In addition to their advantages, such as lowering energy costs and improving the company’s image, legal requirements also make management systems more and more lucrative for companies. In Germany for instance, electricity-intensive companies may reduce the surcharge for renewable energy (cf. BAFA). Article 8 of the directive 2012/27/EU of the European Parliament and the Council of 25 October 2012 on energy efficiency has even led to an obligation to carry out energy audits for large companies in all EU member states. A certified energy management system and partly also a certified environmental management system are possibilities for exemption from the audit obligation. Aim of energy audits is to get a representative picture of the energy consumption. In contrast to management systems, an energy audit offers only a selective impulse. Thus, an energy management system is the more sustainable and continuous option. Large companies are faced with the challenge of balancing various compliance options and meeting legal requirements in a manner that is suitable to their organisation.
Summing up, energy management systems are a sustainable strategy for companies. The method of continuous improvement processes and the inclusion of all employees demonstrate that an energy management system according to DIN EN ISO 50001 is a sustainable innovation. The European Union as well as national governments are also trying to diffuse such systems through legislative processes. However, it is striking that the ISO 50001 is more frequently implemented in some EU countries than in others (cf. ISO). As employees are made aware of the topic of energy efficiency, they may transfer this to their private life. For this reason, a management system may have a far greater impact than structuring the energy management of a company. It is hoped that individual and operational commitment can be combined in a systematic and sustainable way.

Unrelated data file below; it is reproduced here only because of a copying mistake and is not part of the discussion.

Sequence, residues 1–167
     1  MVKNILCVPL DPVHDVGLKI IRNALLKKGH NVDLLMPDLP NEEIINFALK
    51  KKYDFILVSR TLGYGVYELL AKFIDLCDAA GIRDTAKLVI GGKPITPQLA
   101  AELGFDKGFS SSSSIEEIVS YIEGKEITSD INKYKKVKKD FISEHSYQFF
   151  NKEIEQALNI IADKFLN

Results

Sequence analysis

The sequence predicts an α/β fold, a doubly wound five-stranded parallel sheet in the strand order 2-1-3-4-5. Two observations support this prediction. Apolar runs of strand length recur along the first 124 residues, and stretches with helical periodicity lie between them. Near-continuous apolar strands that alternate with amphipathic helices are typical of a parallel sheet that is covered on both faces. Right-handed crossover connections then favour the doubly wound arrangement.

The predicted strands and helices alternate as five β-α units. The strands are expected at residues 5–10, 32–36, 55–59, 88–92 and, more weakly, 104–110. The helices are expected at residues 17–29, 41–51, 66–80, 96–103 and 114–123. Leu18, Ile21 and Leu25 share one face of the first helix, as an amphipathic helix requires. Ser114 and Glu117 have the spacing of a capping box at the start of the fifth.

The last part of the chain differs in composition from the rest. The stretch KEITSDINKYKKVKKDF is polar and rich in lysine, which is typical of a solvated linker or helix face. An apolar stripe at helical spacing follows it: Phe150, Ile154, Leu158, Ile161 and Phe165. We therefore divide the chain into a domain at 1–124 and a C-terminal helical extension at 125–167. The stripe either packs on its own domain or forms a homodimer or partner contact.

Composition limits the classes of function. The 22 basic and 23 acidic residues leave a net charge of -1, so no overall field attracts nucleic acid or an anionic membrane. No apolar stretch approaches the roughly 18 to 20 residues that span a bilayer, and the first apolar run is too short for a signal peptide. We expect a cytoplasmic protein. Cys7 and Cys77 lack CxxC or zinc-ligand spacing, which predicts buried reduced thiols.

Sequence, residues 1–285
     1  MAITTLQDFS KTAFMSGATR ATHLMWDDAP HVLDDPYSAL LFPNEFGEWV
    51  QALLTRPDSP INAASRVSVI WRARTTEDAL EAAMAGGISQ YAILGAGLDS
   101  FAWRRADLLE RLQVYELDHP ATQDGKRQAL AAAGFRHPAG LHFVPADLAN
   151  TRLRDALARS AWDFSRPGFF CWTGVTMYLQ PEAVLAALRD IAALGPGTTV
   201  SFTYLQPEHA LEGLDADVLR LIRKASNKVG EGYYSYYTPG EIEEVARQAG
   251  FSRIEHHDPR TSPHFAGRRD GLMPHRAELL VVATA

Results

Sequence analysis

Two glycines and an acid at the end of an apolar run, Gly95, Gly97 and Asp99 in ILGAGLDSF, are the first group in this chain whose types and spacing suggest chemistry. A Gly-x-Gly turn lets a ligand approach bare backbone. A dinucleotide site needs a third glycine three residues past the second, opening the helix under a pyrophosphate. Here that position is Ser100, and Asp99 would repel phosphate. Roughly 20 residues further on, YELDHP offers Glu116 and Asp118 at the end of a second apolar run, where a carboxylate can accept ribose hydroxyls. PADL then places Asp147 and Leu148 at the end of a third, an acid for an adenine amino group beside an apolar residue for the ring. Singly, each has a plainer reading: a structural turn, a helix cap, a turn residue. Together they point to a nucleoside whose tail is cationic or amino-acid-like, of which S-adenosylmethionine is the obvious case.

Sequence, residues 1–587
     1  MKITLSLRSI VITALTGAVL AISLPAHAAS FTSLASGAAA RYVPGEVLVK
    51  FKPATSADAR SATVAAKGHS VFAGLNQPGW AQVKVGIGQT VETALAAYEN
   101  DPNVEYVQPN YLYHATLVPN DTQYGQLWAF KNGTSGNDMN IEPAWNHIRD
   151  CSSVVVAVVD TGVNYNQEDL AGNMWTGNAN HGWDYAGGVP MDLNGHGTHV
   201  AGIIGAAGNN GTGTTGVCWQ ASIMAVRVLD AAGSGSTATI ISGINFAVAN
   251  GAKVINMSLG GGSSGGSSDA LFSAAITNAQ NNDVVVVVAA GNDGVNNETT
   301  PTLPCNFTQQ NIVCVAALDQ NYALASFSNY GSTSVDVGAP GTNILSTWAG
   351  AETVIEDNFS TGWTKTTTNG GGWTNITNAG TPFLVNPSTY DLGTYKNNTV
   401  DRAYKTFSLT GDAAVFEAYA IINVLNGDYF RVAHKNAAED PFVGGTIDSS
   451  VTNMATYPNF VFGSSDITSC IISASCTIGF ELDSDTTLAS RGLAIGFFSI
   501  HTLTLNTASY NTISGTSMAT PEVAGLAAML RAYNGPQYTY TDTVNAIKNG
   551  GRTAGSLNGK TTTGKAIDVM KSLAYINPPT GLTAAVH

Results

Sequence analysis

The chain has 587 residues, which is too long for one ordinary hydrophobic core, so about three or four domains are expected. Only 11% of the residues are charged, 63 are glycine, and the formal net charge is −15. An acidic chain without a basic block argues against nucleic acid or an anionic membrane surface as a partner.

Bundesamt für Wirtschaft und Ausfuhrkontrolle (BAFA): Besondere Ausgleichsregelung. http://www.bafa.de/DE/Energie/Besondere_Ausgleichsregelung/besondere_ausgleichsregelung_nono.html [24 Mar. 2017]
Bundesministerium für Umwelt, Naturschutz und Reaktorsicherheit (BMU) & Umweltbundesamt (UBA) 2012: Energiemanagementsysteme in der Praxis. ISO 50001: Leitfaden für Unternehmen und Organisationen. https://www.umweltbundesamt.de/sites/default/files/medien/publikation/long/3959.pdf
European Commission 2013: EMAS and ENERGY Management. http://ec.europa.eu/environment/emas/pdf/factsheets/EMAS_Energy_Management.pdf
International Organization for Standardization (ISO): 9. ISO Survey of certifications to management system standards - Full results. http://isotc.iso.org/livelink/livelink?func=ll&objId=18808772&objAction=browse&viewType=1 [07 Apr. 2017]
Sustainable innovation, Resource efficiency, Environment, Climate action
Relevant tags: Energy management system, Sustainability, Energy policy, company, continuous improvement process, ISO 50001, legal requirements